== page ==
Another typical method for synthesizing ILs was reported by Bridges et al. [36] and Kalb et al. (the CBILS[R] route) [37]. In this process, the hydrocarbonate precursor ([[[Q.sup.+]].sub.n][Y.sup.n-1]) containing the desired quaternary ammonium, phosphonium, or the analogous quaternary heteroaromatic cation, is treated with a Bronsted acid, resulting in the hydrocarbonate anion being given off as gaseous C[O.sub.2] and [H.sub.2]O, and replaced by the desired anion. Although high-purity ILs can be synthesized via the CBILS route, there are some drawbacks that need to be considered; for example, water, as a byproduct, still needs to be removed, demanding more energy usage and thus leading to a more expensive process.

Ideally, the synthesis of ILs should involve a one step-process and neat conditions, thus minimizing the production cost. The one-pot synthesis of 1,3-disubstituted imidazolium salts [38-40] involves an [alpha]-dicarbonyl compound, an aldehyde, an alkylamine, and an acid as source of the anion (e.g., HCl, [H.sub.2]S[O.sub.4], [H.sub.3]P[O.sub.4] for hydrophilic salts, or [HPF.sub.6], Has[F.sub.6], C[F.sub.3]COOH, C[F.sub.3]S[O.sub.3]H for hydro phobic salts). While the symmetrically disubstituted imidazolium salts are obtained in fairly good yields, attempts to synthesize asymmetrically distributed salts produce a mixture of both symmetrically and asymmetrically imidazolium salts. Here we report the synthesis of ILs and IL mixtures using these one-pot synthetic methods to demonstrate both the methods eliminating halide and metathesis steps, and the utility of the IL mixtures themselves for low-cost biomass processing.

RESULTS AND DISCUSSION

The ILs 1,3-diethylimidazolium acetate ([[C.sub.2][C.sub.2]im][OAc]), and 1,3-dimethylimidazolium acetate ([[C.sub.1][C.sub.1]im][OAc]) and the statistical mixtures 2:1:1 [[C.sub.2]mim]:[[C.sub.2][C.sub.2]im]:[[C.sub.1][C.sub.1]im][OAc] and 2:1:1 [[C.sub.4]mim]:[[C.sub.4][C.sub.4]im]:[[C.sub.1][C.sub.1]im][OAc], were synthesized using a one-pot synthetic process, where the ILs were prepared in situ from appropriate starting materials and in the desired ratio [38-41]. By simply mixing aqueous formaldehyde with an alkyl amine (e.g., methylamine, ethylamine, n-butylamine), an acid, and aqueous glyoxal solution, the hydrophilic ILs or mixtures were formed. The choice of the amine and the amount needed depend on the desired final product. For example, for the synthesis of [[C.sub.2][C.sub.2]im][OAc], 2 equiv of ethylamine was used, whereas in the case of 2:1:1 [[C.sub.2]mim]:[[C.sub.2][C.sub.2]im]:[[C.sub.1][C.sub.1]im][OAc] mixture, 1 equiv of each, ethylamine and methylamine, was used.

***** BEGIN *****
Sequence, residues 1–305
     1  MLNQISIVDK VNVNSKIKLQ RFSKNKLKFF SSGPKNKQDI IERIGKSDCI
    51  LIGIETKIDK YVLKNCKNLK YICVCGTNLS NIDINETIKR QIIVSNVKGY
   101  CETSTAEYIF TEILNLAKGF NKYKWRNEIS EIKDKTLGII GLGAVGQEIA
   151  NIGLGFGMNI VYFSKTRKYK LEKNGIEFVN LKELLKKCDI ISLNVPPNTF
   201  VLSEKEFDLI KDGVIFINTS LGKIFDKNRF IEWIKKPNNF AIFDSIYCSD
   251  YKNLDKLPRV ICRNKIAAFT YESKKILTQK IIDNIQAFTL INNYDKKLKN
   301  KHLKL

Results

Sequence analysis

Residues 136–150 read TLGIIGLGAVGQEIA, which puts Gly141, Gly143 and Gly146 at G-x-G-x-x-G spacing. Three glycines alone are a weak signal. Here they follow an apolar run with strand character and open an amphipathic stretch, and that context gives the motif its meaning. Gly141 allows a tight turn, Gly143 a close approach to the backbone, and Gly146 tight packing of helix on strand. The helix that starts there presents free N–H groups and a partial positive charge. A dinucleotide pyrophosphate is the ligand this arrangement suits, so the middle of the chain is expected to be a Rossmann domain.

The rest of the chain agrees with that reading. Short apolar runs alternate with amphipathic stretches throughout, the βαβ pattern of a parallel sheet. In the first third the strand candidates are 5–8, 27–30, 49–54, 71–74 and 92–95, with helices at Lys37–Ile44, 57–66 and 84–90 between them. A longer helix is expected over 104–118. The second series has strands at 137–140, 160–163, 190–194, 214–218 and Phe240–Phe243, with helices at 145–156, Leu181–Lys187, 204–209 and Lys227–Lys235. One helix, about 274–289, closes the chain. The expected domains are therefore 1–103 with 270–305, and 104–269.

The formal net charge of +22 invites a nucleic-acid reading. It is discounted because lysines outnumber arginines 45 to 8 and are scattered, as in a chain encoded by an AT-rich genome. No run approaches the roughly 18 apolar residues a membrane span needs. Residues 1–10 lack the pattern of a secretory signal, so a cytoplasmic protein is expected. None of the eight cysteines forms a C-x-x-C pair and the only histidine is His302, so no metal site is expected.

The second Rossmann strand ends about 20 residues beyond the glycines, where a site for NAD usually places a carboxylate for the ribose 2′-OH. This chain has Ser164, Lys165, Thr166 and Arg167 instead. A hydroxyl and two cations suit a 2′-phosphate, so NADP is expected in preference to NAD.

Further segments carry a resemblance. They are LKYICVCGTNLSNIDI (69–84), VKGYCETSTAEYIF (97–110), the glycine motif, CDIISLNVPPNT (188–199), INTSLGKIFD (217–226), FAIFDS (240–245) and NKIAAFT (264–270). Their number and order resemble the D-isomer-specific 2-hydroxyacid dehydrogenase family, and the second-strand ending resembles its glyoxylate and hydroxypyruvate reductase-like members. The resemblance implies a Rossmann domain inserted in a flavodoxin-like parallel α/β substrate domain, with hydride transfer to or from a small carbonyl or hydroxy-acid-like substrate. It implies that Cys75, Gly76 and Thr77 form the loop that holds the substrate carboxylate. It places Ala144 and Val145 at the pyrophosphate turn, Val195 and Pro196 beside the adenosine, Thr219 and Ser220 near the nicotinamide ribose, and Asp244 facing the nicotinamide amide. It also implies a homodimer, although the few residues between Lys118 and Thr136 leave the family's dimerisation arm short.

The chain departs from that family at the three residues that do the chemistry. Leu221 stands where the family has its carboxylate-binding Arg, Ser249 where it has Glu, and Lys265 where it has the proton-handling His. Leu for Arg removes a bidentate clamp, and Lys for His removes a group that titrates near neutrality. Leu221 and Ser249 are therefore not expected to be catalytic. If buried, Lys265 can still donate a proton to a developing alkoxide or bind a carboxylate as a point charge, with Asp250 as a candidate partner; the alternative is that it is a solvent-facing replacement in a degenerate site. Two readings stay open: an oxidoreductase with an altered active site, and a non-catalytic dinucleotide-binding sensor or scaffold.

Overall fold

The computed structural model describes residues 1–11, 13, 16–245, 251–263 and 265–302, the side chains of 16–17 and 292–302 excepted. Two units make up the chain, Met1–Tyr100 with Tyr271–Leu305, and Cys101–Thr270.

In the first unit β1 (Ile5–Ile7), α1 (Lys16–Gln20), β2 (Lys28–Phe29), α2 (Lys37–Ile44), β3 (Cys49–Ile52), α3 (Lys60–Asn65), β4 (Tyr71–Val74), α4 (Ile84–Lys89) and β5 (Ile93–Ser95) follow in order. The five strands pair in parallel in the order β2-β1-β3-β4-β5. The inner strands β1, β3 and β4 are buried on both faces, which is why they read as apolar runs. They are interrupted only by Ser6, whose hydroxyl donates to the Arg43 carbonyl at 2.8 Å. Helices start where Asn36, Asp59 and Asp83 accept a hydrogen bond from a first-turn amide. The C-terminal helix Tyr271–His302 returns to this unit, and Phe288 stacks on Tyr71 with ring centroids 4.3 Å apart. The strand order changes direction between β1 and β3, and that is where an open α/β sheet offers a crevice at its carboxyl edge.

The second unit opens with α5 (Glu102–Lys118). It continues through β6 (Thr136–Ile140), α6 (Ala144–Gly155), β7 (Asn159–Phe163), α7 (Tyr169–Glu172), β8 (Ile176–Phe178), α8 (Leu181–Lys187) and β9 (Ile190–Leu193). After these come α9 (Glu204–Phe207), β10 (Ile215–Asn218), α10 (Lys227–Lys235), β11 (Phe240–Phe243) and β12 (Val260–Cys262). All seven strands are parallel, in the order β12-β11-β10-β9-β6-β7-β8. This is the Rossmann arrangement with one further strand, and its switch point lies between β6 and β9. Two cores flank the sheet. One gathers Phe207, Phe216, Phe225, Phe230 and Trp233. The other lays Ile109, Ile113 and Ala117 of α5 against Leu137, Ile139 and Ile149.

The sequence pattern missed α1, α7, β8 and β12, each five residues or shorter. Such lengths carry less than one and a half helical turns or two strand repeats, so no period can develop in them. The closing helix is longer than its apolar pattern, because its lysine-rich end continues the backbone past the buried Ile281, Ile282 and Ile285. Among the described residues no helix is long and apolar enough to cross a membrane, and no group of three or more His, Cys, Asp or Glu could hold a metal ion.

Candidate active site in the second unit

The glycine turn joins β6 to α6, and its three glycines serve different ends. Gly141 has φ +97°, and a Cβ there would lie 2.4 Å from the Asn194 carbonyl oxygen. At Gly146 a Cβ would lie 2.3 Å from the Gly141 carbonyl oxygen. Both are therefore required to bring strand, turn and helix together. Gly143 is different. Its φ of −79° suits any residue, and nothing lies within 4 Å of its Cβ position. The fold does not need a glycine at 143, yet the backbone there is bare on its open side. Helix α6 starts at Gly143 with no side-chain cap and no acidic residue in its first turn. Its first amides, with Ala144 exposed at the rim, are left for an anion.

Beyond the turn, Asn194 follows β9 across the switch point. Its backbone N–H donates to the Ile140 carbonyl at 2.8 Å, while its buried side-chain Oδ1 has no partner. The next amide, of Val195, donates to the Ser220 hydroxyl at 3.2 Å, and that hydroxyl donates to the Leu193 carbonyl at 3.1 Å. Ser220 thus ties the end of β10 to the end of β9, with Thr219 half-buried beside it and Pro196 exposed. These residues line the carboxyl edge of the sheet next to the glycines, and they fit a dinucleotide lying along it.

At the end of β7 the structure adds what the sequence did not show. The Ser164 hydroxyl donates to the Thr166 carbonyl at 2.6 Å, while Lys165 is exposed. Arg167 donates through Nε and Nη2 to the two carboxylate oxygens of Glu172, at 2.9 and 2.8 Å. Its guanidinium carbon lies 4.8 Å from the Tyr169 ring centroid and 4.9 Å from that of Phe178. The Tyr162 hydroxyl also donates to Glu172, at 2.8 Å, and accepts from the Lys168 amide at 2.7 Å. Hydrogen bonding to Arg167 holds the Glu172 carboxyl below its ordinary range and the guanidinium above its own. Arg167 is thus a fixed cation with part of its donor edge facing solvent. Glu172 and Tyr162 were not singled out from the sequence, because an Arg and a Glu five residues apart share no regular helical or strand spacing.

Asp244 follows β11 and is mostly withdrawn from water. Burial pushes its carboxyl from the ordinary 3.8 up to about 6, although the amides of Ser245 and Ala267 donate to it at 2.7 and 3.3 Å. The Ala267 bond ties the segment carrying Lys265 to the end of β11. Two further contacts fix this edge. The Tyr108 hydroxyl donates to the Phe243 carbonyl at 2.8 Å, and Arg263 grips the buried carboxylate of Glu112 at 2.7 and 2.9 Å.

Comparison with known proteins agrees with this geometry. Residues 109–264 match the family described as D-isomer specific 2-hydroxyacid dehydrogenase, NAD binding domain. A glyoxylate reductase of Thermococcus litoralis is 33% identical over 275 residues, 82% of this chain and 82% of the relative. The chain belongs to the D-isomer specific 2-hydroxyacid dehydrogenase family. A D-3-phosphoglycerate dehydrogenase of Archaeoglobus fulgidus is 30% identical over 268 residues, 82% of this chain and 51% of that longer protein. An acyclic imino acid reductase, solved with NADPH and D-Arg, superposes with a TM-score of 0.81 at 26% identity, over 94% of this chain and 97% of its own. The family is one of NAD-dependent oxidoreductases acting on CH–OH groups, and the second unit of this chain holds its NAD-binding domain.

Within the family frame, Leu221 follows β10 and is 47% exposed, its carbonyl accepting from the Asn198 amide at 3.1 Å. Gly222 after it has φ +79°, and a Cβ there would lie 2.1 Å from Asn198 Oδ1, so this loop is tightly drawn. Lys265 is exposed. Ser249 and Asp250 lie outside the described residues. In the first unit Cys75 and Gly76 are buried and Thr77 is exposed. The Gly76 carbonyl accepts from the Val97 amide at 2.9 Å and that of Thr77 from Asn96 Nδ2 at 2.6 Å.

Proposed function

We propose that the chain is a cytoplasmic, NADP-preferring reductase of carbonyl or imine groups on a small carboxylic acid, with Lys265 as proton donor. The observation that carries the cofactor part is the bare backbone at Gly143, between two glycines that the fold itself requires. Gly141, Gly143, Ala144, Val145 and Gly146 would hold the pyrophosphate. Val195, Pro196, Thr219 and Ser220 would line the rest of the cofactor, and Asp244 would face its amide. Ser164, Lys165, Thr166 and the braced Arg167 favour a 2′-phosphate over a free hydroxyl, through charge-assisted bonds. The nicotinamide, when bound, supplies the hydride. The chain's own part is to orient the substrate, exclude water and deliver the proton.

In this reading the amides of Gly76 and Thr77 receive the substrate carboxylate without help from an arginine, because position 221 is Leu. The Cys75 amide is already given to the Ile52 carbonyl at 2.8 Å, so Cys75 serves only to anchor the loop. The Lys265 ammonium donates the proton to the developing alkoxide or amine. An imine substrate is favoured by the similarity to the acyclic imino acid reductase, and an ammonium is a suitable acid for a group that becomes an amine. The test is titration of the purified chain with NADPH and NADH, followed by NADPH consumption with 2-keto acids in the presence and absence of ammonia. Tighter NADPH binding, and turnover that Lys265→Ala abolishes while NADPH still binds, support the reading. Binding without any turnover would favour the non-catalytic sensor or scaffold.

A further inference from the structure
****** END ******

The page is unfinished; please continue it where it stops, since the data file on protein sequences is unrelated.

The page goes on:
The synthetic scheme for the imidazolium-based acetate ILs is illustrated in Scheme 2, and the ILs synthesized are shown in Fig. 1.

[FORMULA NOT REPRODUCIBLE IN ASCII]

[FIGURE 1 OMITTED]

To achieve completion, the process requires about 24 h and temperatures around 70-75[degrees]C, yielding a dark brown mixture, which is extracted several times with ethyl acetate in order to remove any unreacted starting materials. Water removal and drying (70-80[degrees]C, 12-24 h, high vacuum) afford the desired product(s) in good yields (80-96 %, Table 1) and high purity (>97 %, determined by [sup.1]H NMR spectroscopy). While NMR spectroscopy is a useful tool in confirming the product(s) structure(s), it is still a qualitative method, and has a limit of impurity detection of <3 mol %. For ultra-high-purity ILs, other methods for purity determination should be considered (e.g., UV-vis, HPLC). The product(s) can be further purified if needed, either by flash chromatography through a charcoal column [1], or by refluxing over charcoal in an appropriate solvent (miscible with the IL), followed by filtration through Celite[R]. Although mass loss is observed after charcoal purification (Table 1), this step is not necessary unless high-purity ILs are desired. Furthermore, to diminish or eliminate the formation of colored impurities, the reaction can be run at room temperature with an increased reaction time from 24 to 50 h.

Purification of ionic liquids

The dark color of the ILs prepared via the one-pot process can be attributed to the impurities present in the reaction media, mainly unreacted starting materials which will degrade or polymerize during the entire process. The colored impurities can be removed by running the ILs through a decolorizing charcoal column prior to use, as described in the literature [42]. (Caution: It should be pointed out that charcoal was reported to contaminate 1-butyl-3-methylimidazolium iodide with iodine species during the purification process using activated charcoal [43], however, we have not detected such impurities in our preparations.)

Pictures of the ILs before and after purification are illustrated in Fig. 2. To obtain a colorless IL, the crude solution needs to be passed several times through the charcoal column. Although the purification step might not seem feasible on a large-scale process, the purification process is needed only for the synthesis of high-purity ILs used for high-end applications. Our experiments detailed below showed that the elimination of colored impurities had no effect on the use of these ILs for dissolution of biopolymers.

[FIGURE 2 OMITTED]

Properties of the IL statistical mixtures

Thermal characterization